Sarah Elizabeth Ray was 24 when she boarded the Bob-Lo boat on June 21, 1945. Raised with her twelve siblings in the mostly black community of Wauhatchie, Tennessee, Ray had moved to Detroit with her husband to find a better life. And she did find it.
In 1945, she graduated from secretarial school, becoming the only African American in her class of 40. To celebrate, Ray and her classmates decided to take a ride on the Bob-Lo boat to Bob-Lo Island Amusement Park, which was part of the Province of Ontario.
To date, the park sparks fond memories for many adults who spent summers riding the ferry to the island to enjoy a picnic or engage in other recreational activities. But from its opening in 1898 until its closing in 1993, the history of Bob-Lo wasn’t always pleasant. On the day Ray boarded the boat on June 21, she had paid the 85 percent fare along with scores of her classmates and their teacher.
While settled on the top deck, the ticket taker began making his rounds. And this was what ensued, according to Ray.
“He took the ticket from my hand and then looked at my face. Two men in white coats came up to me and told me to leave the boat. They said Negroes were not allowed on the boat. My teacher said, ‘She’ll go quietly.’ That really added insult to injury. I got off the boat. They gave me back my money. I spent months with these girls and they turned their backs on me. I was so mad I threw the 85 cents at the boat.”
Being the only black woman in the group, Ray had apparently violated the ferry company’s rule against “Zoot-suiters, the rowdyish, the rough, the boisterous…and colored.”
This rule was not unusual throughout the first half of the 20th Century as almost everything from schools to residential areas to public parks was segregated. African Americans later began protesting these whites-only admission policies in these public places and facilities.
To avoid being labeled as strict segregationists, the Bob-Lo Excursion Company, which used two boats for the transportation of its passengers, the SS Ste. Claire and the SS Columbia, initiated a “Colored Days” policy that allowed African Americans entry on low-revenue Mondays.
On that fateful day Ray stood on the Woodward Avenue pier and watched the Bob-Lo boat leave her behind to make the trip to the Bob-Lo Island Amusement Park, she took a decision that would change history, years before the famous Brown vs. Board of Education Supreme Court case or Rosa Parks refusing to give up her bus seat in Montgomery, Alabama.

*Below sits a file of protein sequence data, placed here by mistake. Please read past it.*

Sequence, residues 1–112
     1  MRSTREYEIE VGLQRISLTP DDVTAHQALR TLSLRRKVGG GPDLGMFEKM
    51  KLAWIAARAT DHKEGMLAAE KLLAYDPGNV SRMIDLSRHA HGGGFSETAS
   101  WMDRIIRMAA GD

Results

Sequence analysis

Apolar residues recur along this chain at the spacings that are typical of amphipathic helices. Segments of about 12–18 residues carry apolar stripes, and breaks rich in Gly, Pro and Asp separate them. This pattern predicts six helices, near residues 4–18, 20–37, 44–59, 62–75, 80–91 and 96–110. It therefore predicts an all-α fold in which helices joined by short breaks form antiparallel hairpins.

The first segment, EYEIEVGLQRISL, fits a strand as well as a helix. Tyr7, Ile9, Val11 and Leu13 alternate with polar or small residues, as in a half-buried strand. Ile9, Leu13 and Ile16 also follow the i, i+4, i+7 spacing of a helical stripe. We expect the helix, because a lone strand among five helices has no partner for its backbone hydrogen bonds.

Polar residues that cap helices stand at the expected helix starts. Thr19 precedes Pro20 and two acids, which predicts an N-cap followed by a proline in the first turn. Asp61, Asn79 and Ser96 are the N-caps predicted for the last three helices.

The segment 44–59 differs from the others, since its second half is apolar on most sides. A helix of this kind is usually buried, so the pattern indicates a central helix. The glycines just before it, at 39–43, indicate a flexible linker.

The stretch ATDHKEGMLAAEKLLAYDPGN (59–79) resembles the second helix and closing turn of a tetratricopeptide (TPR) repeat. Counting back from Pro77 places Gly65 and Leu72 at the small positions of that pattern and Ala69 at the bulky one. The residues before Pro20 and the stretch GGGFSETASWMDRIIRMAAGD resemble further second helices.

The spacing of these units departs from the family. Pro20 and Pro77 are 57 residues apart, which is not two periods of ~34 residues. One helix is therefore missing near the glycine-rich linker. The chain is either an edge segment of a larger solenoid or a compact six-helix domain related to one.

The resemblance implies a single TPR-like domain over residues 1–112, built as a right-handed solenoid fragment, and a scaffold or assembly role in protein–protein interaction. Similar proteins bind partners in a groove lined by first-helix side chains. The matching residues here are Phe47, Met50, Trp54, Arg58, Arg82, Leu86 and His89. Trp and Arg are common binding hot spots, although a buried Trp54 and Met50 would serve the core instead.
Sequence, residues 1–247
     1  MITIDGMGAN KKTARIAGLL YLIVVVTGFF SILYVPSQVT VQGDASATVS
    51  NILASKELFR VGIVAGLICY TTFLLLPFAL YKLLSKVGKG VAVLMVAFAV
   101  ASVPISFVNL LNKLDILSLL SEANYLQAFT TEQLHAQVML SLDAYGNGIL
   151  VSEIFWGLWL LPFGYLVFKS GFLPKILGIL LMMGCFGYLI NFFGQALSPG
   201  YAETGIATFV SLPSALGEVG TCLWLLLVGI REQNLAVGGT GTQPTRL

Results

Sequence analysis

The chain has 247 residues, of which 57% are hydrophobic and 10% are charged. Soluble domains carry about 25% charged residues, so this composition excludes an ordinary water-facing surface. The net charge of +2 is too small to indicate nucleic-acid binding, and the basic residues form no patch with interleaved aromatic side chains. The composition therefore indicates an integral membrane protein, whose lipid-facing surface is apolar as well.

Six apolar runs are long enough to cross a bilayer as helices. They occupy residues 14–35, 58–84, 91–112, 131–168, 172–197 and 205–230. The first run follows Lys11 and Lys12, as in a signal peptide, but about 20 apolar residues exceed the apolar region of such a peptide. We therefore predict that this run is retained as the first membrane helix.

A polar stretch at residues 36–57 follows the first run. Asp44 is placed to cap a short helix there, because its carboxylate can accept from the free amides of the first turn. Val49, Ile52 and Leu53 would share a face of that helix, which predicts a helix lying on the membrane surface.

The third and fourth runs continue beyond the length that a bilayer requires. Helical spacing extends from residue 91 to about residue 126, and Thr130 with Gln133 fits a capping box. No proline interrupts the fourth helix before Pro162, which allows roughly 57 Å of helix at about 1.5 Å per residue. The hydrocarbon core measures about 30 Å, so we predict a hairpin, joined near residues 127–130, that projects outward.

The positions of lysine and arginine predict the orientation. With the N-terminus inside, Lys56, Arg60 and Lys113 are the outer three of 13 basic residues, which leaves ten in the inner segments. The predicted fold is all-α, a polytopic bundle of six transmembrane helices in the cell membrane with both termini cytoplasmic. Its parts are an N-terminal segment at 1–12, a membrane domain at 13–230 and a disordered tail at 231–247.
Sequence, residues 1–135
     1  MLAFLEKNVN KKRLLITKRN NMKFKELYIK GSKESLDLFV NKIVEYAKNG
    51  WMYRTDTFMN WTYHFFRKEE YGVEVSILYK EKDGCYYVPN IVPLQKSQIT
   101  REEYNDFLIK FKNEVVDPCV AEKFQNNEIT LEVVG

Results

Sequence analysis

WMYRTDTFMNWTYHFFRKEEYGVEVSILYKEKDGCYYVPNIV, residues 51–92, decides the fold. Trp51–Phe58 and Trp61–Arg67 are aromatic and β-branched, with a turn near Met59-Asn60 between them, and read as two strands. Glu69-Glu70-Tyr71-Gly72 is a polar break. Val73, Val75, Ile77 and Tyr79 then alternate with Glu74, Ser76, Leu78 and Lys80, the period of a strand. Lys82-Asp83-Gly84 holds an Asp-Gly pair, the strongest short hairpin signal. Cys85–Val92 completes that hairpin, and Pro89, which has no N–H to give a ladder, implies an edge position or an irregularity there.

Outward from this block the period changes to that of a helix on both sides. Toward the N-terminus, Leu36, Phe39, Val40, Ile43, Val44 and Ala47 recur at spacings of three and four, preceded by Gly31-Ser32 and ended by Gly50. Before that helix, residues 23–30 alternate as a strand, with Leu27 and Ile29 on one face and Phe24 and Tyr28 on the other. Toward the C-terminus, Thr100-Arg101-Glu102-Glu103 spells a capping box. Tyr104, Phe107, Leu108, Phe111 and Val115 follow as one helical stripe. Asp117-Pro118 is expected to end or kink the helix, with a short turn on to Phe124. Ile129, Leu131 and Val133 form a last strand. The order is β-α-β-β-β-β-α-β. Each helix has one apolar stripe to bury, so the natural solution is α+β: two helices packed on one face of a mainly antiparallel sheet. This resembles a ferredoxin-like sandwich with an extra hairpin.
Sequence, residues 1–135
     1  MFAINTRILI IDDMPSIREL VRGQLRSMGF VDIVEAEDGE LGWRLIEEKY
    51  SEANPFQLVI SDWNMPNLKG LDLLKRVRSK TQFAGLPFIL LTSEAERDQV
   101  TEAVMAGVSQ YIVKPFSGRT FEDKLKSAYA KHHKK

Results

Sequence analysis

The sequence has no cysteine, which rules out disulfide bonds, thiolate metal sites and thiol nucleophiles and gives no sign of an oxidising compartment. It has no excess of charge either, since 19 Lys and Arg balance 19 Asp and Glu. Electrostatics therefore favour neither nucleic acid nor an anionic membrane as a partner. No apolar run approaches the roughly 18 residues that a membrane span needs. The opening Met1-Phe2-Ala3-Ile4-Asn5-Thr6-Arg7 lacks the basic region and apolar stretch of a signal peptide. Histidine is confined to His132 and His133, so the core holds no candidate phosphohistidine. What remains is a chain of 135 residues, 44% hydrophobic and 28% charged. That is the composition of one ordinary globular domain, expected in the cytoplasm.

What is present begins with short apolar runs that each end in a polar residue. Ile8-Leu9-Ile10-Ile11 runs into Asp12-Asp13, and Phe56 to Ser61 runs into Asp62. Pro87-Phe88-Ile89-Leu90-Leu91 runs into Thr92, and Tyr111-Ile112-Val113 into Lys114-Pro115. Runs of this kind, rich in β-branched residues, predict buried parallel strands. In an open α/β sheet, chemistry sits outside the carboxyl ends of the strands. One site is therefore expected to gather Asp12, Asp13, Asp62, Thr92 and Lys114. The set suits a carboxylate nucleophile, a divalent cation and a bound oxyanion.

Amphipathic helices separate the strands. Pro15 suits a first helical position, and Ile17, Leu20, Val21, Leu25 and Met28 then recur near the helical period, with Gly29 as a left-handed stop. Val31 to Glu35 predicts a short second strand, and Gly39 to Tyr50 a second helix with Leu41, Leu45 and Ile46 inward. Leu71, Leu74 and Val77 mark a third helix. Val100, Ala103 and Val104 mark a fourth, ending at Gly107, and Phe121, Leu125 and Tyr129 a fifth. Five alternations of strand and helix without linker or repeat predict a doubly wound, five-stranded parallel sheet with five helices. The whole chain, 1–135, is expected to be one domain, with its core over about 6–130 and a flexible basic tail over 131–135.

According to historical accounts, Ray’s next step was to immediately contact the Detroit branch of the National Association for the Advancement of Colored People (NAACP), which filed suit, arguing that the Bob-Lo Excursion Company’s policy of barring black people from the boat violated Michigan law. Michigan, as early as 1885, had a statute barring racial discrimination in public accommodations.
The case was first brought to Recorder’s Court, a state court in Detroit. Management of Bob-Lo argued that, as a private company, it had the right to deny passage to whomever it chose. But the state disagreed, and the court fined Bob-Lo $25, according to a report by The Progressive.
The report said that even though the fine was nominal, managers of Bob-Lo were concerned about the effect the verdict would have on their operations so they appealed to the Michigan Supreme Court, which upheld the findings of the lower court.
Detroit NAACP President the Reverend R. L. Bradley Jr. was quoted to have said after the verdict, “It is hoped that the Bob-Lo Excursion Company will accept this decision and attempt to comply with it in the full spirit of the law.”
But Bob-Lo was clearly not ready to accept the court’s decision as it headed all the way to the U.S. Supreme Court, where it claimed that the company was engaged in “foreign commerce,” adding that it wasn’t bound by the laws of Michigan because the island was actually in Canada.
The case became known as Bob-Lo Excursion Company v. Michigan. The National Lawyers Guild and the American Civil Liberties Union joined the NAACP in the case with the head of the legal team being legal giant Thurgood Marshall, who would later become the Supreme Court’s first African-American Justice.
Marshall, in part, argued that the company was subject to Michigan law as the only way onto the island was by buying a round-trip ticket in Detroit. On February 2, 1948, the Supreme Court affirmed the rulings of the lower courts, ruling that the Bob-Lo Excursion Company “will be required in operating its ships as ‘public conveyances’ to accept as passengers persons of the negro race.”
“This is a case of a discrimination against a Negro by a carrier’s complete denial of passage to her because of her race,” wrote Justice William O. Douglas.
Ray, a young and courageous woman, had found justice at last, and in five years, the Bob-Lo court ruling would pave way for the landmark 1954 Brown v. Board of Education Supreme Court case in which “the justices ruled unanimously that racial segregation of children in public schools was unconstitutional.”
Ray, before her death in 2006, continued to contribute to the civil rights movement. In 1967, after a riot in Detroit that killed scores of people, Ray and her second husband, Rafael Haskell, bought a building and converted it to a community center. Naming it Action House, the building was to help forge positive interracial relations.
Haskell was later killed by a hit-and-run driver in 1999 and Ray grappled with financial woes and arthritis before her death on August 10, 2006, in her mid-80s.
Her fight for everyone’s right to ride public transportation free of discrimination was summarized by chronicler Victoria W. Wolcott: “Sarah Elizabeth Ray asserted her power as a consumer and an activist alongside the better-known male leaders of radical pacifism. As a result, the bucolic Bois Blanc Island was now accessible to a postwar generation of urban blacks.”